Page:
• DTS CLOUD SERVICES

We are living in the age of Cloud Computing. Cloud is not only present but it is the future of technology and computing.

cloud computing is a kind of outsourcing of computer programs. Using cloud computing, users are able to access software and applications from wherever they need, while it is being hosted by an outside party — in “the cloud.” This means that they do not have to worry about things such as storage and power, they can simply enjoy the end result. In other words, cloud computing is the virtualization and central management of data center resources as software-defined pools. This technical definition of cloud computing describes how public cloud service providers run their operations. The key advantage is agility: the ability to apply abstracted compute, storage, and network resources to workloads as needed and tap into an abundance of pre-built services.

Simply we can say, cloud computing is the delivery of computing services, servers, storage, databases, networking, software, analytics and more over the Internet (“the cloud”).

Uses of cloud computing

If you use an online service to send email, edit documents, watch movies or TV, listen to music, play games or store pictures and other files, it is likely that cloud computing is making it all possible behind the scenes. The first cloud computing services are barely a decade old, but already a variety of organizations from tiny startups to global corporations, government agencies to non-profits are embracing the technology for all sorts of reasons. Here are a few of the things you can do with the cloud:

  • Create new apps and services
  • Store, back up and recover data
  • Host websites and blogs
  • Stream audio and video
  • Deliver software on demand
  • Analyse data for patterns and make predictions

Top benefits of cloud computing

Cloud computing is a big shift from the traditional way businesses think about IT resources. 6 common reasons organizations you should turn to cloud computing services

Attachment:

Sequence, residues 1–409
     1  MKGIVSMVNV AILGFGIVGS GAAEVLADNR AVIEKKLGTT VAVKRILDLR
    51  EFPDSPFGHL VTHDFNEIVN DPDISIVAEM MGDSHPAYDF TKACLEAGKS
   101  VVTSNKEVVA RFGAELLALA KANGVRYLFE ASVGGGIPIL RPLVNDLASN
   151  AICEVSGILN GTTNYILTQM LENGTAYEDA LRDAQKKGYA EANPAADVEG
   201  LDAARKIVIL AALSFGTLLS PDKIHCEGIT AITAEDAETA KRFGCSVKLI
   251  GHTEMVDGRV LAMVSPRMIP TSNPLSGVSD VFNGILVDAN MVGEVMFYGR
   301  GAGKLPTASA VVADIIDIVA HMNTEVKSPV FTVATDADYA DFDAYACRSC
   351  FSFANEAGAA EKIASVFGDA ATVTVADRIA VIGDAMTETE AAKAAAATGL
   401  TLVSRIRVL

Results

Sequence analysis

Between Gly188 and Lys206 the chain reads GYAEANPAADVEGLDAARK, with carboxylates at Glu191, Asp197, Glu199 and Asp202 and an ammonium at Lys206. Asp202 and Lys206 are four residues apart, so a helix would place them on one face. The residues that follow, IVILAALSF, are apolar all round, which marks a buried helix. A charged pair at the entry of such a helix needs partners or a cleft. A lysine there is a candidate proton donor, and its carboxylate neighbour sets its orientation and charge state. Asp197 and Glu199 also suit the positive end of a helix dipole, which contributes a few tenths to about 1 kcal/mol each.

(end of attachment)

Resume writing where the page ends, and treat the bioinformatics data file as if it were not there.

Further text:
Cost

Cloud computing eliminates the capital expense of buying hardware and software and setting up and running on-site datacenters—the racks of servers, the round-the-clock electricity for power and cooling, the IT experts for managing the infrastructure. It adds up fast.

Speed

Most cloud computing services are provided self service and on demand, so even vast amounts of computing resources can be provisioned in minutes, typically with just a few mouse clicks, giving businesses a lot of flexibility and taking the pressure off capacity planning.

Global scale

The benefits of cloud computing services include the ability to scale elastically. In cloud speak, that means delivering the right amount of IT resources—for example, more or less computing power, storage, bandwidth—right when its needed and from the right geographic location.

Productivity

On-site datacenters typically require a lot of “racking and stacking”—hardware set up, software patching and other time-consuming IT management chores. Cloud computing removes the need for many of these tasks, so IT teams can spend time on achieving more important business goals.

Performance

The biggest cloud computing services run on a worldwide network of secure data centers, which are regularly upgraded to the latest generation of fast and efficient computing hardware. This offers several benefits over a single corporate data center, including reduced network latency for applications and greater economies of scale.

Reliability